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Old 01-05-2018, 08:02 PM   #1
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Tow Limits of 2009 4WD Honda Pilot

I have a 2009 4WD Honda Pilot with ~125,000 miles on it, and I am looking to buy a Winnebago Micro Minnie 1706FB (UVW: 2980 lb). My question - can my Pilot tow this trailer or am I better off getting something lighter?

I looked at the owners manual of the Pilot and while towing capacity is listed at 4500 lb, the gross combined weight rating for it is 9579 lb. I have a weight for the Pilot (measured a few years ago, mostly empty) of 4720 lb. So my thinking is 4720 lb + 350 lb (for me, my husband, and the dog - conservative) + 2980 lb (dry weight of the 1706FB) = 8050 lb. This would technically leave us 1529 lb under the GCWR of the Pilot and I really don't think all of our gear and clothes and a full fresh water tank would be that heavy, but I don't know for sure. I don't have a great understanding of the ins and outs of towing yet (trying to learn), so if I'm way off base with that math, feel free to correct me.

Thanks!
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Old 01-05-2018, 08:58 PM   #2
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Gross Combined Vehicle Weight Rating is the grand total of the total weight of the tow vehicle (Honda Pilot) and the trailer (Micro Minnie) *together*.

In order to stay within limits, use the Gross Vehicle Weight Rating of the trailer added to the weight of the Honda Pilot with you, anything you're taking with you, all of your passengers you'll be taking, and a full tank of gas.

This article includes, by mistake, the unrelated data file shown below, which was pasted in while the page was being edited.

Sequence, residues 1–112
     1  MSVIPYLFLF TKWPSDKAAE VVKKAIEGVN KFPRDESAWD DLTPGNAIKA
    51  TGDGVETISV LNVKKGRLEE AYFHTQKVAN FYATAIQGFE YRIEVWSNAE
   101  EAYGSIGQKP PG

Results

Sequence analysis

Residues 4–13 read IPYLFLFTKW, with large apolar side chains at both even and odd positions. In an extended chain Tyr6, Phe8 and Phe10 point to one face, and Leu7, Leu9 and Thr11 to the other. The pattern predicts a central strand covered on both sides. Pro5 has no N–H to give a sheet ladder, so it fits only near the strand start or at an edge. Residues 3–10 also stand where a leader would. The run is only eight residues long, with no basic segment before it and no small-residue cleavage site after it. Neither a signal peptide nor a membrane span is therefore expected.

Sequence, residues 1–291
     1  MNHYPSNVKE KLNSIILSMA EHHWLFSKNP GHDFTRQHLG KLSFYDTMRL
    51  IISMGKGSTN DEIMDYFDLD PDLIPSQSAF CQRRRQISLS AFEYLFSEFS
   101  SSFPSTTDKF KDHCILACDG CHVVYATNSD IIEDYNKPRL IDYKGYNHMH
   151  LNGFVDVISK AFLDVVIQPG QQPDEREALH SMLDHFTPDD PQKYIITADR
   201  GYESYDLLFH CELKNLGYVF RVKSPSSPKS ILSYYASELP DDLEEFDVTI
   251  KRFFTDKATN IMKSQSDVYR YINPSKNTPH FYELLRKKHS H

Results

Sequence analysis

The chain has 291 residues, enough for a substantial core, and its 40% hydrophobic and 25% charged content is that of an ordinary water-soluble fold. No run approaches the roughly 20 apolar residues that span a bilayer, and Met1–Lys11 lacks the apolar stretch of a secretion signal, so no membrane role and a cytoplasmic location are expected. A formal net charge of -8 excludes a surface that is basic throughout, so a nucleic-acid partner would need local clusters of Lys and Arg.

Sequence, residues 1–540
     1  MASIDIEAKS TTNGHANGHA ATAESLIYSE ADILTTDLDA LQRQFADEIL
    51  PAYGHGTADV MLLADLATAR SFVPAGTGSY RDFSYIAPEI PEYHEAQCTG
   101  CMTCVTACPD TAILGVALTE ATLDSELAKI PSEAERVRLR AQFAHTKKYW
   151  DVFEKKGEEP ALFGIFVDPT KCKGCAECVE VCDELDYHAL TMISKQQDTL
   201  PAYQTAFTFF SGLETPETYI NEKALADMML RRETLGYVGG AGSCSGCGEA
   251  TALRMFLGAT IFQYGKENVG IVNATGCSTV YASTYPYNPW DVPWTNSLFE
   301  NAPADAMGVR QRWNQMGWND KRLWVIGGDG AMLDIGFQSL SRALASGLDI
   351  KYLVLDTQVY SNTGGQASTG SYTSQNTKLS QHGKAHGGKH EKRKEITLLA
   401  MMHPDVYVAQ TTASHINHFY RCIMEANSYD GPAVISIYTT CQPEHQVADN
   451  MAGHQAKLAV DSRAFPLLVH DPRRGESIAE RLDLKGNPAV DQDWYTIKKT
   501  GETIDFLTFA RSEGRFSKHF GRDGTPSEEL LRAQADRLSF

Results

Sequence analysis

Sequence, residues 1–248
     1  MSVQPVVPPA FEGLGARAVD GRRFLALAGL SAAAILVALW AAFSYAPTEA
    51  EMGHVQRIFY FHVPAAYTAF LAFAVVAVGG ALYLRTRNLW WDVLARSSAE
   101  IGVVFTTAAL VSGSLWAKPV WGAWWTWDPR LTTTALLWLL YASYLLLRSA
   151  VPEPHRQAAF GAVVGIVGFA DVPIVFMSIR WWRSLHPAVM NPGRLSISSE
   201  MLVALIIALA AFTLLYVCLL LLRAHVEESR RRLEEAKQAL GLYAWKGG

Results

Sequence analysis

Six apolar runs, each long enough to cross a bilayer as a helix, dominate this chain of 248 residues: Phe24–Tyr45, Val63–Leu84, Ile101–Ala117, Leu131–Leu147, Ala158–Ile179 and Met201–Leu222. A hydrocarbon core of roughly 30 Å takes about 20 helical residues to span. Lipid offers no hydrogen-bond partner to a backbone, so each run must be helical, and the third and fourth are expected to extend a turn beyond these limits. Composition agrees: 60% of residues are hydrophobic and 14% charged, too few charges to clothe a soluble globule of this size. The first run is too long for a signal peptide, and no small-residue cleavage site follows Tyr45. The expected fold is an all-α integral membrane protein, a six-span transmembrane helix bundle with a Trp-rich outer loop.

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Old 01-05-2018, 09:16 PM   #3
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My thought is you want something about 1,000 lbs lighter. My 2006 Honda Ridgeline could not tow my 4,400lb.trailer but could tow my 2,500lb. boat.

I would look for a 3,000lb trailer and put 500 lbs of stuff in it for a total of 3,500lbs. That should tow comfortably.
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Old 01-05-2018, 09:24 PM   #4
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After rereading, I see you are looking at a 3,000lb trailer. Does that include all the options plus propane, water and WD hitch with sway control?

Obviously the lighter the better.

Try to keep the loaded trailer at 3,500lbs.
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Old 01-05-2018, 11:12 PM   #5
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The dry weight of the trailer is almost always much lighter than it really weighs when you bring it home. Use gross weight and multiply by 13% to get actual tongue weight. Most trailers will be very close to gross weight with the average load of food, clothes and gear.
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Old 01-06-2018, 04:59 AM   #6
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I'm sure others will chime in here soon enough, but until then here's my bit of advice:

In addition to considering gross weights, you should also look at the payload capacity of your Pilot. That is the limiting factor for my truck. I've got a 9,200 lb "towing capacity" according to my manual, but unless it's a flat tow, that's way overstated without figuring in other variables, primarily payload.

Somewhere around the driver's door there should be a yellow/white DOT sticker and on that sticker you should see a line that reads something like "the total weight of passengers and cargo should not exceed ______ lbs." That's your tow vehicle's CCC. Take that number and subtract the weights of all passengers and cargo that will be in the Pilot, including the weight of your hitch. The remainder will be the max tongue weight for your specific loaded vehicle.

Once you've got the tongue weight capacity, all you have to do is figure an estimated tongue weight of whatever trailer you're considering as keymastr advised above. This will tell you if you can/should tow it or not.